Showing posts with label Bicolor British Shorthair. Show all posts
Showing posts with label Bicolor British Shorthair. Show all posts

Friday 22 January 2021

Picture of a cat with a triple heart pattern when sitting

The title says it all. A heart pattern on a domestic cat is not very unusual. But when there are three heart patterns, one on the face, a second on the chest and a third formed by the forelegs, it has to be said to be highly unusual. It certainly caught my eye which is why I decided to republish it on this website. I don't know who took the photograph but I am confident that it is in the public domain because it must've circulated around the Internet and in doing so any copyright would have been lost in my humble opinion.

Picture of a cat with a triple heart pattern when sitting. Photograph in the public domain.

I don't believe that this cat is purebred but she/he might be a bicolor (2 colours) British Shorthair. I think that is the only cat breed which is possible. The cat is more likely to be a rare random bred cat. They do occur.


Saturday 6 August 2011

Bicolor British Shorthairs

I may have mentioned that bicolors are white plus one color. Funny in a way because white is an amalgam of three primary colors: red, green and blue.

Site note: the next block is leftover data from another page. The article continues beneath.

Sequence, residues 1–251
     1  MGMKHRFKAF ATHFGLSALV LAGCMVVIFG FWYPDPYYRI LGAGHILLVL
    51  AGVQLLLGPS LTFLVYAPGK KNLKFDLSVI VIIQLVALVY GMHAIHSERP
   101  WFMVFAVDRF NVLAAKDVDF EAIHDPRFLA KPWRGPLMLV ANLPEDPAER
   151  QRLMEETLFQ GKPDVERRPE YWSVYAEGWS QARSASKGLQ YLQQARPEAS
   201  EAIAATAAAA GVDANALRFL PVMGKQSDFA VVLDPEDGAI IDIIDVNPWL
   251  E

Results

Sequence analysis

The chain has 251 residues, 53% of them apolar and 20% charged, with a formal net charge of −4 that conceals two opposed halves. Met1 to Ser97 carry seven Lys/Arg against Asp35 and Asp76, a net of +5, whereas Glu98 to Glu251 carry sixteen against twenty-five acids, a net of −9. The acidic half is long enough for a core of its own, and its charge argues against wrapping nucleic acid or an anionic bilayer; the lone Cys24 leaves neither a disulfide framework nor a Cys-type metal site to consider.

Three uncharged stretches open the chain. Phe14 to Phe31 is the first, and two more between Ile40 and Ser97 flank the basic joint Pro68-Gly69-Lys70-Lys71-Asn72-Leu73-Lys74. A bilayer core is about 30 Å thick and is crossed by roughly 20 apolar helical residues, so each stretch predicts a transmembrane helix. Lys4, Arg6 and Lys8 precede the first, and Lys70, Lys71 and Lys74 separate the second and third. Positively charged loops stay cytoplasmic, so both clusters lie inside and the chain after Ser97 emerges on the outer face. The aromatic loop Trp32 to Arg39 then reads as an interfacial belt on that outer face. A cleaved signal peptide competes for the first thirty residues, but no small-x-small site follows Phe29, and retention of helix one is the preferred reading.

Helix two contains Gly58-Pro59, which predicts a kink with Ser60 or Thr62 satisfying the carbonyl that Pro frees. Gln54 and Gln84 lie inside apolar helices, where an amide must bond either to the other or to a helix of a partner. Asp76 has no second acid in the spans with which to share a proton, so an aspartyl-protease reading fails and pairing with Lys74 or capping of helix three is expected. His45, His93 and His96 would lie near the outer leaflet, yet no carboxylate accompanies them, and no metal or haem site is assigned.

It is the piebald gene (white spotting gene) that produces the white areas. Here is a famous British Shorthair bicolor photographed by Helmi Flick. His name is IW/SGC HMS Prescott of Chaucer "Scottie" for short. He was TICA's 2008 Alter of the Year (British Shorthair).

The photograph was published in Scientific American. Well done Helmi.




Bicolor British Shorhair cat - Photo copyright Helmi Flick

The colored parts of the coat appear to be grey, a dilute black. But there is little hint of blue in the grey. Perhaps a breeder can help me out with that. He lives with Jeane Camarena and daughter.



The photo on this page are protected by copyright ©. Violations of copyright are reported to Google.com (DMCA).

Wednesday 3 August 2011

Bicolor British Shorthair

The bicolor British Shorthair should be one third to one half white. The remainder of the coat should be colored. The colored areas are on top and the white fur is underneath. The picture below by the celebrated Helmi Flick shows two blue British Shorthairs on the outside and two blue bicolor kittens in the middle:

Blue and Bicolor British Shorthair Cats
Photo copyright Helmi Flick

The photo on this page is protected by copyright ©. Violations of copyright are reported to Google.com (DMCA).

Symmetry in the coat is an ideal. The classic inverted "V" in white on the face is an example of this symmetry. This can be seen in the kittens in the photo.

The colored areas can be solid color (called "self" in cat fancy language) or tabby patterned. The colored areas can also be in more than one color. These cats are called "patched" coats. These are called "calico" cats in the USA (tortoiseshell and white). The patches of color are on the top of the cat.

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